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Saturday, February 26, 2011

Sacred Heart Program Teaches Business Networking Etiquette

Sacred Heart Program Teaches Business Networking Etiquette
(Posted to Sacred Heart Univ. website Feb. 2011)
By Mike Lauterborn

Fairfield, CT – Crisp suits, portfolios in hand, nametags on lapels. A corporate affair? In a sense. Call it a practice drill.

On Wednesday evening Feb. 16, at the invitation of the Welch College of Business at Sacred Heart University (SHU), Consultant Robert Shutt led a business networking etiquette program targeted to students and supported by faculty, alumni and local business representatives. The setting was the University Commons room at the school, which was dressed out to simulate a corporate gathering and allow students to practice interfacing with business professionals.

“Employers are telling us that students are coming out of school with great grades, but no social skills,” said Sean Heffron, Director of the Student Experience in the Welch College of Business. “So we have recreated a social environment like one they might encounter in the business world where they can learn how to approach a group and interact.”

Specifically, Shutt helped student attendees to feel more comfortable with introductions and conversations, walk away with information that could lead to future opportunities and learn the importance of following up with new contacts. The trainer also served up a healthy helping of etiquette tips that are critical to social situations in a business climate.

Students, like SHU Junior Christine Schneider, 20, were eager to gain these strategies. “I really want to learn how to network and approach people. I tend to get shy and want to overcome that,” she said at the outset of the evening.

Fellow SHU Junior Karin Black, 20, concurred. “I want to enhance my interview skills to better my chances in the job world.”

The etiquette session is just one part of a larger effort that Heffron’s department conducts to help students prepare for life after college. “We offer free tuition for study abroad, free golf lessons and speaker engagements. The latter are interactive and result in internship opportunities. In the past, we’ve had reps from sports management, music, sales and marketing, and entrepreneurism. We’re exposing students to a lot to help them gain a professional comfort level and decide what they want to do with their majors, while enhancing their resumes with their experiences at the same time.”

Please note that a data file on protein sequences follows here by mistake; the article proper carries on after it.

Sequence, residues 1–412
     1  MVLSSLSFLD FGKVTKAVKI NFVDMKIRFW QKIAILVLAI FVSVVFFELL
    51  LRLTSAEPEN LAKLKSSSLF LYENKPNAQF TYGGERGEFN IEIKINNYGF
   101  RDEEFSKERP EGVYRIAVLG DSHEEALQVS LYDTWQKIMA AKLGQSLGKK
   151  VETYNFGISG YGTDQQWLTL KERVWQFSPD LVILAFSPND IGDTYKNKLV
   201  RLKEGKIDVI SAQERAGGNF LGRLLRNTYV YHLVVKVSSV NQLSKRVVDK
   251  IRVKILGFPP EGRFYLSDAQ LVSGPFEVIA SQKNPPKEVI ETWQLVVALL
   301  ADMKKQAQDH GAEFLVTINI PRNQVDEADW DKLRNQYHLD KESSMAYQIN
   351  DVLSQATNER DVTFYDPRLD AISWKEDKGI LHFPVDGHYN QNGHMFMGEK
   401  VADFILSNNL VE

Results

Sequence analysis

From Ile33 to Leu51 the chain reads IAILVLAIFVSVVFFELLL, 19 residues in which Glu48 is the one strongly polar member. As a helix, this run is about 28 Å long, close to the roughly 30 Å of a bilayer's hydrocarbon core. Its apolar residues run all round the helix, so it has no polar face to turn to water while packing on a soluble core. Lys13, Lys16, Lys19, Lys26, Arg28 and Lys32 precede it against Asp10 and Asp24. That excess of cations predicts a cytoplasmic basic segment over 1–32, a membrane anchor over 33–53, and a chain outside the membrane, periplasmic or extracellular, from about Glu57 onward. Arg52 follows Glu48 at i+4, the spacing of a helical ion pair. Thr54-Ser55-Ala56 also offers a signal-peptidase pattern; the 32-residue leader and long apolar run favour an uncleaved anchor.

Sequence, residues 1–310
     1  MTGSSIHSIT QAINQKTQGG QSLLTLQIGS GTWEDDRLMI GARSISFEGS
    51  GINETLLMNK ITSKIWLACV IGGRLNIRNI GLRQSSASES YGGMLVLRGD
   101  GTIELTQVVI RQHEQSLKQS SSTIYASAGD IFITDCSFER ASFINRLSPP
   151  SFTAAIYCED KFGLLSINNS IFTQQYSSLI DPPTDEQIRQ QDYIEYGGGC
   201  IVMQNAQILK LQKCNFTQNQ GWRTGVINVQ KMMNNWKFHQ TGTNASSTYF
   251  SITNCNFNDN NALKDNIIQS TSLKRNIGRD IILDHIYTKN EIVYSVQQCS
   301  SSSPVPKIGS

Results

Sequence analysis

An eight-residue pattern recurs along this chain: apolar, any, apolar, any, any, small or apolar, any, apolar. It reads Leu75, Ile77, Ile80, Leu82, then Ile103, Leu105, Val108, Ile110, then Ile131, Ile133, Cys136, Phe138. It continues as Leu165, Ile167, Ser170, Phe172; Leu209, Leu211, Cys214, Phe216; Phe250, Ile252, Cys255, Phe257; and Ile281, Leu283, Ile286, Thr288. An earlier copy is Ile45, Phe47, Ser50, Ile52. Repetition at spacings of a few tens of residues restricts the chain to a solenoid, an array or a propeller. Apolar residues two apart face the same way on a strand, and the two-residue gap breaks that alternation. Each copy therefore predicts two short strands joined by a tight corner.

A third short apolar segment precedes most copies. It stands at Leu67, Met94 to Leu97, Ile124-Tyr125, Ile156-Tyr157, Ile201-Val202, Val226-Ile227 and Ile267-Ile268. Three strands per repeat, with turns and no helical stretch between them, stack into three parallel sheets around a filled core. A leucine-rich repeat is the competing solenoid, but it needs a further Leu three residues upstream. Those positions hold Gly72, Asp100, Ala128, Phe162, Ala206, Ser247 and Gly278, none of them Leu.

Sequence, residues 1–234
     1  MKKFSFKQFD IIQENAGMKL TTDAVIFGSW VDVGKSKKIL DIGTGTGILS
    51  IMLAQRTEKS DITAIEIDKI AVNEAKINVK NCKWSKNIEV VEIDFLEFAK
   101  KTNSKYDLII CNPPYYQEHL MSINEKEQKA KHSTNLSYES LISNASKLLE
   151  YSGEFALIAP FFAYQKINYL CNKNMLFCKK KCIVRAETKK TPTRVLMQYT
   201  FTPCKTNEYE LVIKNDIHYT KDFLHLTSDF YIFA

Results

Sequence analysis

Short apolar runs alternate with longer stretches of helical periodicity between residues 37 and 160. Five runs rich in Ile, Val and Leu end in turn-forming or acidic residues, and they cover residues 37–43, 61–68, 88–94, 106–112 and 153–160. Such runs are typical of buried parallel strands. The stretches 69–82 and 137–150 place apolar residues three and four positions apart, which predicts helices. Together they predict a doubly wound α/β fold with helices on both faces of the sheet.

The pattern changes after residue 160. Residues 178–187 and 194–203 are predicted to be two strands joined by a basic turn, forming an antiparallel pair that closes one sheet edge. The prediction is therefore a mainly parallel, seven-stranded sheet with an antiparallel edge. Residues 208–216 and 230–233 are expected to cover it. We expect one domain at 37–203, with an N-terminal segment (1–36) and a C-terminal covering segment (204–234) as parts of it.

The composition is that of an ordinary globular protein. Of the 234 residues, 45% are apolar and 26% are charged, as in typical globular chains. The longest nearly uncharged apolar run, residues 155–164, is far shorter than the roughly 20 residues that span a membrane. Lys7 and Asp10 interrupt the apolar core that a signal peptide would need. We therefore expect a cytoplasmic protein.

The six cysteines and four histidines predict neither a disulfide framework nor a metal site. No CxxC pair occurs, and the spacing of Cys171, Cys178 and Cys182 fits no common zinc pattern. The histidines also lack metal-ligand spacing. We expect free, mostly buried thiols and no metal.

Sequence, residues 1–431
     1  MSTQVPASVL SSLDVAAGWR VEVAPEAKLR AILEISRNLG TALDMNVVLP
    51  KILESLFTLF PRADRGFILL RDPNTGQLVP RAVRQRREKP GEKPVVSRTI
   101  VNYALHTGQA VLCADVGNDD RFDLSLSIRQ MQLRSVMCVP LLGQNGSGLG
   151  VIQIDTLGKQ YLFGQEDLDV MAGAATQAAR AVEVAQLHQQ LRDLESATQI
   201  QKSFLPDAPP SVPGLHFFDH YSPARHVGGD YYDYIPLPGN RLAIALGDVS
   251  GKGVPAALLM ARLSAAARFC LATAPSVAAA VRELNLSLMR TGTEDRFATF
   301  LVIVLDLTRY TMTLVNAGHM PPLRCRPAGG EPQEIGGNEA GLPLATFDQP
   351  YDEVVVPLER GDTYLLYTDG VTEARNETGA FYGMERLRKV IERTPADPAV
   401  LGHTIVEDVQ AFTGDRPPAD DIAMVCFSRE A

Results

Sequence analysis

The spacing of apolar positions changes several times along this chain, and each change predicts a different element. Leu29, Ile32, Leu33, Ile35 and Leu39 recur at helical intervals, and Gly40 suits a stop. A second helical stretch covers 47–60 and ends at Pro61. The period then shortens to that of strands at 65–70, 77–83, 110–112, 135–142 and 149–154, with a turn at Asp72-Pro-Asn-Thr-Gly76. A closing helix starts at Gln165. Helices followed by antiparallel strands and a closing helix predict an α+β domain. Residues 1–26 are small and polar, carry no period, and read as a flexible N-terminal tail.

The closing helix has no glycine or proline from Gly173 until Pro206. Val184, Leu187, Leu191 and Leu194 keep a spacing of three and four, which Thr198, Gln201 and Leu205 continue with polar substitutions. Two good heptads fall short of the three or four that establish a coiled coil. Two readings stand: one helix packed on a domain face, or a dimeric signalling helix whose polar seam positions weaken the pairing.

Alumni Services supports Heffron’s department’s goals by securing alumni for social events and to serve as mentors that students can shadow in business environments. Similarly, the Career Development and Placement Center draws business people from its network of employers for event activities and internship opportunities.

Shutt explained that there are three important components of communication: tone of voice, words you use and body language. “Fifty-five percent of effectiveness is body language, 38% is tone of voice and 7% is words. We use the least effective form of communication most of the time. We need to be more conscious of feedback and what people are saying.”

Shutt also laid out the important foundations for successful interaction: courtesy with regard to words, actions and even scent and how those impact those in your vicinity; focus on the person’s agenda; and respect and understanding of the hierarchy of a situation.

Among effective tips, Shutt suggested researching an event before attending it, having a goal at a social occasion and considering the first impression one makes. Other guidance was more etiquette related including keeping your power hand (right hand) free, asking open-ended questions to get people to talk about themselves, being informed about a variety of topics and taking small amounts of food and beverage.

Both students and businesspeople, who were encouraged to interact with each other, were impacted by the evening’s experience. “It was awkward at first to approach people, especially if they were in mid conversation,” said Accounting Sophomore Megan Papp. “But once you start talking, it boosts your confidence level.”

Marketing Junior Christina Bologna said, “I spoke with Amelia from Barnum Financial Group. She offered to refer me to a friend at a PR firm. She was very easy to speak to. I was apprehensive about meeting people in this atmosphere, but now I’m more at ease.”

Softtech Web and Multi-Media Consultant Danya Jimenez, a 2005 SHU alumnus, was glad to help coach students. “I understand where they are coming from. When I was in school here, Alumni Services helped me with resume prep, interviews and preparing me for the job world. This is a great way for them to become more relaxed about interacting with a potential employer.”